Alan John­son

Dancer and chore­og­ra­pher, Mel Brooks col­lab­o­ra­tor

The Scotsman - - Obituaries -

Alan John­son, a chore­og­ra­pher renowned for his campy movie col­lab­o­ra­tions with mel brooks on the spring time for Hitler goose-step­pers and-show girls ex­trav­a­ganza in The Pro­duc­ers and the Put­tin’ On the Ritz tap dance in Young Franken­stein, died last Satur­day at his home in Los Angeles. He was 81.

His death was con­firmed by his nephew Todd John­son, who said that he had re­ceived a di­ag­no­sis of Parkin­son’s dis­ease sev­eral years ago.

John­son had danced in the orig­i­nal Broad­way production of West Side Story and be­gan his ca­reer as a chore­og­ra­pher when he started work­ing with Brooks, whom he had al­ready met through a friend, lyri­cist Martin Charnin. Brooks, best known at the time for his work with Carl Reiner on the 2000 Year Old Man records, was de­vel­op­ing The Pro­duc­ers, about a pro­ducer who schemes with his ac­coun­tant to create a cer­tain Broad­way flop and steal the money in­vested in it by un­sus­pect­ing old women.

The show they choose – Spring­time for Hitler: A Gay Romp With Adolf and Eva at Ber­cht­es­gaden – is the film’s mu­si­cal show­piece, a taste­less par­ody of 1930s mu­si­cals with Nazis singing and danc­ing and chorines wear­ing out­size beer steins and pret­zels on their heads.

“There’s a Mel Brooks the­ory of film­mak­ing,” John­son said in an in­ter­view for The Mak­ing of The Pro­duc­ers, a doc­u­men­tary in­cluded in the 2002 DVD re­lese of the film. “Three­quar­ters of the way through the film, give the au­di­ence a zetz” (Yid­dish for a smack on the head). “For­tu­nately for a chore­og­ra­pher and dancers, it’s a mu­si­cal num­ber.”

In 1974, Brooks re­leased two films, both of which fea­tured John­son’s chore­og­ra­phy. In Blaz­ing Sad­dles,” a west­ern par­ody about a black sher­iff who saves a fron­tier town, John­son staged two mem­o­rable dances: Made­line Kahn’s comic ode to her en­nui, I’m Tired, and a num­ber with Dom Deluise as a petu­lant chore­og­ra­pher re­hears­ing about two dozen men in top hats and tails as they sing, “Throw out your hands/stick out your tush/hands on your hips/give them a push!”

In John­son’s tour de force in Young Franken­stein, Dr Fred­er­ick Franken­stein (Gene Wilder) tries to prove to an au­di­ence that the mon­ster (Peter Boyle) he has brought back from the dead is ac­tu­ally a “cul­tured, so­phis­ti­cated man about town” by danc­ing with him in for­mal wear to Irv­ing Berlin’s Put­tin’ On the Ritz.

“Alan taught me how to teach Gene and peter the steps, workingout the tim­ing with not only the taps but also the cane,” Brooks said in a book he wrote with Re­becca Kee­gan, Young Franken­stein: The Story of the Mak­ing of the Film (2016). “It’s very in­tri­cate tap ping if you use the cane as well as taps.”

Alan Scott John­son was born on 18 Fe­bru­ary, 1937, in Ed­dy­s­tone, Penn­syl­va­nia, about 18 miles south­west of Philadel­phia. His fa­ther, Clark, was a ship­yard worker, and his mother, Mary (Shack­els) John­son, was a wait­ress who took Alan to dance classes at an early age. By the time he grad­u­ated from high school, his dance in­struc­tor had en­cour­aged her to let him find work as a dancer in New York.

He got a job as an un­der­study in the orig­i­nal production of West Side Story, which opened in 1957, and later played small parts in the mu­si­cal and its 1960 re­vival, be­fore go­ing on tour with it.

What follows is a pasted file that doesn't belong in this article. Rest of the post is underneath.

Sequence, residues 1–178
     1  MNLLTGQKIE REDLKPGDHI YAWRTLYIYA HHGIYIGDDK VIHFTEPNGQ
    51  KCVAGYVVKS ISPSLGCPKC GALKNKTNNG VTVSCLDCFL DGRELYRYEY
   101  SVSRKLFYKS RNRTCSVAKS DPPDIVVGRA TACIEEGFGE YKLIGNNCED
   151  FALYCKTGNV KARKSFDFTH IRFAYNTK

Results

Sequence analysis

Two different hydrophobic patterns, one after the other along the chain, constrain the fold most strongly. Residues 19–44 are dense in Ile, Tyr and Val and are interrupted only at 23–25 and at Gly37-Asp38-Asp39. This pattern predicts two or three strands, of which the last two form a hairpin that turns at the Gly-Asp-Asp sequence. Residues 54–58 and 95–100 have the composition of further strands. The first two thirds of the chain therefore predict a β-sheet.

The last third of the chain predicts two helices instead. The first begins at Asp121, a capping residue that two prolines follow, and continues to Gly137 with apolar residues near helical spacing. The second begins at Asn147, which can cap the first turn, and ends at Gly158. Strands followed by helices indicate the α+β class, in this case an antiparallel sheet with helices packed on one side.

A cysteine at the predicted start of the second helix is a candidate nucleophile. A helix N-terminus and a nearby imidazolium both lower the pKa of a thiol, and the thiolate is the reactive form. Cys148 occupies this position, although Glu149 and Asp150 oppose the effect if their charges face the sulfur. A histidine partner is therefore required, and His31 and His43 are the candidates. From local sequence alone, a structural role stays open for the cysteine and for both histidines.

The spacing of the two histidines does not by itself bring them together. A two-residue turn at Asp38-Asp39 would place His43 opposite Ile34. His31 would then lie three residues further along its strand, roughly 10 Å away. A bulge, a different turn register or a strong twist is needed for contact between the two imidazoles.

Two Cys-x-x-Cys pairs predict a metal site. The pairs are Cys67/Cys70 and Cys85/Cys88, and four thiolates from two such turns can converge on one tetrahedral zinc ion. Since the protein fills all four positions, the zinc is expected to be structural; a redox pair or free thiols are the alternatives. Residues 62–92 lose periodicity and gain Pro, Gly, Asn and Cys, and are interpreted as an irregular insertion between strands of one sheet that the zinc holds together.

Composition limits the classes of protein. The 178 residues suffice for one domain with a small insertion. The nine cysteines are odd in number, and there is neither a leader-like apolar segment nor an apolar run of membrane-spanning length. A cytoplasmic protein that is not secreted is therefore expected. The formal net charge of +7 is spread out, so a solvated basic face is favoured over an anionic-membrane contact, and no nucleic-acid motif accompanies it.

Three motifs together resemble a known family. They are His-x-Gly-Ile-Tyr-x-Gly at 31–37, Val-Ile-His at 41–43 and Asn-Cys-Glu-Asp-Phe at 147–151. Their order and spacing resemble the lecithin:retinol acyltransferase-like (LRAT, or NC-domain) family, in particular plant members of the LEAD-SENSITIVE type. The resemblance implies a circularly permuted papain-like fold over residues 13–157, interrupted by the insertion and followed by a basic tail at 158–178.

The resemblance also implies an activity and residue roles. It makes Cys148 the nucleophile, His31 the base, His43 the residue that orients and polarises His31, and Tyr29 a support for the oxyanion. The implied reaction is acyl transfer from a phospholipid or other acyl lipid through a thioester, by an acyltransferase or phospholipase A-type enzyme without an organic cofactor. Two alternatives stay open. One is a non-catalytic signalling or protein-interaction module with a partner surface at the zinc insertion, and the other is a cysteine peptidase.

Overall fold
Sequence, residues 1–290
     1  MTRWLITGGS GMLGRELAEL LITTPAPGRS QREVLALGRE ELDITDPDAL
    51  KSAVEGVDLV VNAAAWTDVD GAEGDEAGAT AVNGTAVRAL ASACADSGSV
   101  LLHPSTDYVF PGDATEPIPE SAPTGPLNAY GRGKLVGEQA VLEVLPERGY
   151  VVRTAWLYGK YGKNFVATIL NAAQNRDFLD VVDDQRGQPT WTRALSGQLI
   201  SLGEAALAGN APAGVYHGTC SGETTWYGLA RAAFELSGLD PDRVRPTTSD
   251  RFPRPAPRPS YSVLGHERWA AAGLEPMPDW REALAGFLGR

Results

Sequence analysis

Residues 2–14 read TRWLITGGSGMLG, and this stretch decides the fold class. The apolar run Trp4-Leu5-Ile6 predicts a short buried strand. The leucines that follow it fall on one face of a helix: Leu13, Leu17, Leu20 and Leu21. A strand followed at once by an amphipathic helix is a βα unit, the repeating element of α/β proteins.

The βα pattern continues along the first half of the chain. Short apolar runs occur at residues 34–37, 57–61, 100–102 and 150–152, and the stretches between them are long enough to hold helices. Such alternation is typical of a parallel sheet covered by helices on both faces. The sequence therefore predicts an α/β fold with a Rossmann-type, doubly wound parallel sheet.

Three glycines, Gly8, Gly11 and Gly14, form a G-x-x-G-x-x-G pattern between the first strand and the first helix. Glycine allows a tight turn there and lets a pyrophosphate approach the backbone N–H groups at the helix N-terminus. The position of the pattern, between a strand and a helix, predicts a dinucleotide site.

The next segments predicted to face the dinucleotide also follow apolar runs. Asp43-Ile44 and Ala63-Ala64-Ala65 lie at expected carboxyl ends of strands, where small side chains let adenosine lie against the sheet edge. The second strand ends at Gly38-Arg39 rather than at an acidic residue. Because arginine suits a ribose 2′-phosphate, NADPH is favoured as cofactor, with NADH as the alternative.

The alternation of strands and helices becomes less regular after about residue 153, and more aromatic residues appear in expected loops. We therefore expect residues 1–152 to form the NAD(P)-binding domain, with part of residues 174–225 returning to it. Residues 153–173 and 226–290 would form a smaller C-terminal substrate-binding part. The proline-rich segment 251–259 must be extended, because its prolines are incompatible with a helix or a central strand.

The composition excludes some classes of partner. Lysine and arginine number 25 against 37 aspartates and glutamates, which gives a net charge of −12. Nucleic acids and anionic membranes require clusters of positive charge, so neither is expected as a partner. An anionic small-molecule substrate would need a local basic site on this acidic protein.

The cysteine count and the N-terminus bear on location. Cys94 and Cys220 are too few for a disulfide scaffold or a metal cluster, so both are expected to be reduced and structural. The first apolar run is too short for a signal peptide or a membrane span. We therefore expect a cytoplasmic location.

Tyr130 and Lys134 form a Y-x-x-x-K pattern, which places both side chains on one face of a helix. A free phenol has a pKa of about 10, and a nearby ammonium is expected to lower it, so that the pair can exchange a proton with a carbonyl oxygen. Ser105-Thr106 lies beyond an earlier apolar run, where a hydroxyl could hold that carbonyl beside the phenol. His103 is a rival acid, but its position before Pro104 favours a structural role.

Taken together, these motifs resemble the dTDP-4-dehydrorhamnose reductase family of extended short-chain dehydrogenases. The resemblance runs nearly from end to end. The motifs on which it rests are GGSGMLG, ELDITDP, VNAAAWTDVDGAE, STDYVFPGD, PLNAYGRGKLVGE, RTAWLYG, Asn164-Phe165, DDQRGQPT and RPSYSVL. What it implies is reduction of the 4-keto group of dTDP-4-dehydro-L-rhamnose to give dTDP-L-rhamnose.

He re­turned to Broad­way in var­i­ous shows, in­clud­ing No Strings and Any­one Can Whis­tle. Fol­low­ing his work on The Pro­duc­ers, he chore­ographed a tele­vi­sion spe­cial in 1970 for Anne Ban­croft, Brooks’ wife, and TV shows that Charnin wrote or di­rected, in­clud­ing one cel­e­brat­ing the mu­sic of Ge­orge Gersh­win for which he won the first of his three Emmy Awards.

“He was an ab­so­lute mas­ter in terms of move­ment and how he could make some­thing hap­pen in very min­i­mal­is­tic ways,” Charnin said.

Charnin, who met John­son when they were both in the cast of West Side Story, added: “He wasn’t fran­tic. He was well man­nered and be­lieved in the im­por­tance of col­lab­o­ra­tion.”

John­son also chore­ographed The First (1981), a short-lived mu­si­cal about Jackie Robin­son with lyrics by Charnin and mu­sic by Bob Brush.

An­other of John­son’s fre­quent col­lab­o­ra­tors was Shirley Ma­claine. He chore­ographed two Broad­way shows for her: a one-woman re­vue in 1976 and Shirley Ma­claine on Broad­way, a show with a small cast that had mu­sic by Marvin Ham­lisch and lyrics by Christo­pher Adler, in 1984. He won an Emmy for his work on her TV spe­cial Shirley Ma­claine … Ev­ery Lit­tle Move­ment.

In a state­ment, Ma­claine said: “Alan will make heaven look like it can dance.”

Even as John­son did more tra­di­tional chore­og­ra­phy, he con­tin­ued to work with Brooks on his films.

For his­tory of the world, part I (1981), he chore­ographed a rib­ald mu­si­cal num­ber about the Span­ish In­qui­si­tion, set in a tor­ture cham­ber, which, like Spring­time for Hitler, bor­rowed from the con­ven­tions of old movie mu­si­cals.

In his role as pro­ducer, Brooks gave John­son the chance to direct two films. The first, To Be or Not to Be (1983), was a re­make of Ernst Lu­bitsch’s 1942 com­edy with Brooks and Ban­croft in the roles played in the­o­rig­i­nal by Jack Benny and Ca­role Lom­bard. Three years later John­son di­rected So­larba­bies (1986), a sci­ence-fic­tion story about roller-skat­ing or­phans fight­ing for a so­lu­tion to a world­wide water short­age. It was widely panned.

He is sur­vived by his sis­ter, Judi John­son.

Spring­time for Hitler, chore­ographed by John­son in The Pro­duc­ers

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